Europe

Red Alert: Operation Grexit Accomplished?

In a Kafkaesque moment which saw the Greek nation being asked to vote on whether their government should accept a proposal that no longer officially exists, it looks like Greece’s fourteen year membership of the Eurozone is about to come to an abrupt and chaotic end. The choice of Greek voters to take the well-worn path of refusal and just say ‘No’ will, according to Tsipras, enable the country to regain its dignity and pride. But it remains to be seen what the true cost of this temper tantrum will be. Prior to today’s result, GDP forecasts for Greece had already seen major downgrades as a consequence of the uncertainty caused by protracted negotiations as well as from the negative impact of the recently-imposed capital controls. But it now looks like that’s just for starters with the main course yet to come.
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Europe

“Quack!” Grexit, Stage(d by the) Left

The curtain is about to fall on the tragicomedy that has constituted Greece’s five-month-long negotiations with its creditors. And it’s a real cliffhanger. The hero of the piece, a would-be messiah with the manner of a demagogue, having led his people to the very brink of the abyss, suddenly turns to ask for their blessing as he guides them over the edge. Suicide by Democracy.
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Europe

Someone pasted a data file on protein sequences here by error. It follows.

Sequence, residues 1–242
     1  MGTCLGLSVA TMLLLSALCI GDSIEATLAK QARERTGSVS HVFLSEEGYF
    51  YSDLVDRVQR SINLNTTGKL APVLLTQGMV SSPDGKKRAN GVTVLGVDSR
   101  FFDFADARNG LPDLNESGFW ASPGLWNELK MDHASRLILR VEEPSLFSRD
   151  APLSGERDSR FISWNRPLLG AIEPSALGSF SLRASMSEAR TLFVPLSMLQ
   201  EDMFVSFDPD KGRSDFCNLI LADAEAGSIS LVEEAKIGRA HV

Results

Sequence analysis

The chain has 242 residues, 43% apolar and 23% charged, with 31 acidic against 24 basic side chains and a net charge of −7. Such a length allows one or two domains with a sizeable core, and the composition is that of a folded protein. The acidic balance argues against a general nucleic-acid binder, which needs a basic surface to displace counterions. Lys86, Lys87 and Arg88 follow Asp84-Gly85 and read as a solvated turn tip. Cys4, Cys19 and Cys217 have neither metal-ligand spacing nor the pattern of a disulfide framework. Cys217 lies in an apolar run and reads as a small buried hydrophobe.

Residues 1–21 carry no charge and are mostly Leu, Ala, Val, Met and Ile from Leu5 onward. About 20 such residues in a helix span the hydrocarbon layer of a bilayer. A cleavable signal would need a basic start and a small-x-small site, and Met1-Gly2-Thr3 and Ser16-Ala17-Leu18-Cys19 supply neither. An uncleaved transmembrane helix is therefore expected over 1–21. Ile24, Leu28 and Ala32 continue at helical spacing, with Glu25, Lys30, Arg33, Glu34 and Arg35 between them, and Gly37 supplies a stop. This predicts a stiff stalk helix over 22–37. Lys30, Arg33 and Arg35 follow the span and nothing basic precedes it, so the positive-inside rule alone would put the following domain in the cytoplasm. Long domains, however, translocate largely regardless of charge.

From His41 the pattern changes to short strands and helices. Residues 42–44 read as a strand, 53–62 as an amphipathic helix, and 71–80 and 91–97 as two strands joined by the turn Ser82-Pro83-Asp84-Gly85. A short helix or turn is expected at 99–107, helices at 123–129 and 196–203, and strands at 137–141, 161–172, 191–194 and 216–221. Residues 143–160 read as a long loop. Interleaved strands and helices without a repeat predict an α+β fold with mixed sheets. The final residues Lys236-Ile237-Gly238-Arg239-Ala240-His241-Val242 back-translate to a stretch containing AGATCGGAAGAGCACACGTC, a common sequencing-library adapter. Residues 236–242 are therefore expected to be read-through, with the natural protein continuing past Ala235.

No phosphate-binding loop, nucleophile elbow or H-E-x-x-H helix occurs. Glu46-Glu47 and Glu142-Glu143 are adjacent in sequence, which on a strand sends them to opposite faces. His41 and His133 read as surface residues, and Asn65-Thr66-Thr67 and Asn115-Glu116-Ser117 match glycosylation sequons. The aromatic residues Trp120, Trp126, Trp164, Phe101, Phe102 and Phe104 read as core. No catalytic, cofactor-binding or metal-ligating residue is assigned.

The Greek Tragedy Unfolds: Desis, Peripeteia, Anagnorisis, Lusis…Catastrophe 

The end-game approaches. Or, more accurately, the curtain is about to fall on the charade that has been played out on the European stage over the last five months. It has been a curious spectacle, a blend of game theory (so-called) and defiance, with Finance Minister Varoufakis betting that the opposition would crumble faced with the prospect of Grexit and Prime Minister Tsipras channelling popular anger at what is seen as the attempted subjugation of Greece by its creditors. Whilst the majority of Greeks (still) approve of their government’s negotiating tactics, the cost in economic terms has been significant: Greece’s economy, after tentative signs of revival last year, is back in recession, forecasts for the primary surplus have been cut by more than half and deposits have fled the country, with the ECB having to make good the system shortfall via the ELA mechanism.

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